A brief of today’s news bulletin:
Starting today, Najib Mikati’s government is on the edge of the abyss. The Iranian fuel would burn the government along with its image and prestige even before it gains confidence.
When the government convened to approve its ministerial statement, the tanks loaded with Iranian diesel entered Lebanon, accompanied with the sound of the Iranian “RPG” missiles. The news is unusual and unprecedented, but of course, we are not talking about RPGs, as Hezbollah and its supporters have the right to do what no other Lebanese can do, meaning that they are free to use bullets, bombs and even missiles whenever they want! So, the big problem is not here, but rather, Najib Mikati and his 23 companions did not utter a single word, as if the matter did not concern them.
How can they say anything and their government is the result of a phone call that the French president made to the Iranian president? But the matter is more complicated, as Iranian diesel arrived by land after it was impossible to arrive by sea.
We all remember what Hezbollah’s Secretary-General said during Ashura sermon, when he confirmed that the party would bring Iranian ships to the port, defying that anyone would dare to prevent him from doing so. Of course, Nasrallah’s words went in vain, and the ships did not approach Beirut, but rather reached Banias, and from there they were carried by tankers to Lebanon.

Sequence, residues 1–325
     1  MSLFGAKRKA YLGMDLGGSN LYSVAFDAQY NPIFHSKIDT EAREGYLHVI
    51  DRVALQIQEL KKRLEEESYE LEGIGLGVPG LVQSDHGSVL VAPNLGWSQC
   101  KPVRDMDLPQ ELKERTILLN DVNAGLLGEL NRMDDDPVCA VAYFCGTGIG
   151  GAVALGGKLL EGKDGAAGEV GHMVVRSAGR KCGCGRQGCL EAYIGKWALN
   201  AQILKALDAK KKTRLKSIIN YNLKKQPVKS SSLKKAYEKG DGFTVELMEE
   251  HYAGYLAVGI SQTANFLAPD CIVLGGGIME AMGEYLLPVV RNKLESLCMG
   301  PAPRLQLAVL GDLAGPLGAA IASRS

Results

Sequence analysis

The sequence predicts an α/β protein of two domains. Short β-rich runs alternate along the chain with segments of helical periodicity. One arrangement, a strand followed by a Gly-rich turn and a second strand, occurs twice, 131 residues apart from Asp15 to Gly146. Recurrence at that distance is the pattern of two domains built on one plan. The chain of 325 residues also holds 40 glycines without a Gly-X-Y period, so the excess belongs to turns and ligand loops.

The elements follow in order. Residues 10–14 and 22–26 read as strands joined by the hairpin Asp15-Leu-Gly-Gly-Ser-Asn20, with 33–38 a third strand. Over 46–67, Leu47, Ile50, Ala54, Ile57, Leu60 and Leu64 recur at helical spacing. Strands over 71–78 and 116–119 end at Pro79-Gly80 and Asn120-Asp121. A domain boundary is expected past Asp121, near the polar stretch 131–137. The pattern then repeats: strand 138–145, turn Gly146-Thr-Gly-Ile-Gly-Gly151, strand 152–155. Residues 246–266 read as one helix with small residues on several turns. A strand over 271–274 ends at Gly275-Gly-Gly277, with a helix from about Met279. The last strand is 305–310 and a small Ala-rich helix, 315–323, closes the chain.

Herein lies the new problem. How did these tanks reach Lebanon? Did it cross the legal borders, and did it pass through Lebanese legitimate forces such as the army and customs? Or did it take the illegal crossings? In both scenarios there is a problem. In the first case, how will the Lebanese government justify to the world the passage of Iranian goods that are prohibited from being exported abroad? In the second case, how can the party claim that it cannot control the illegal crossings as long as it uses them? Doesn’t this mean that smuggling was taking place with Hezbollah’s knowledge and under his supervision, and perhaps for his own benefit?
Between a state that plays the role of a witness that is not witnessing anything, or a state that applies the proverb: “Its protector is its thief”. What can the Lebanese do in such situation?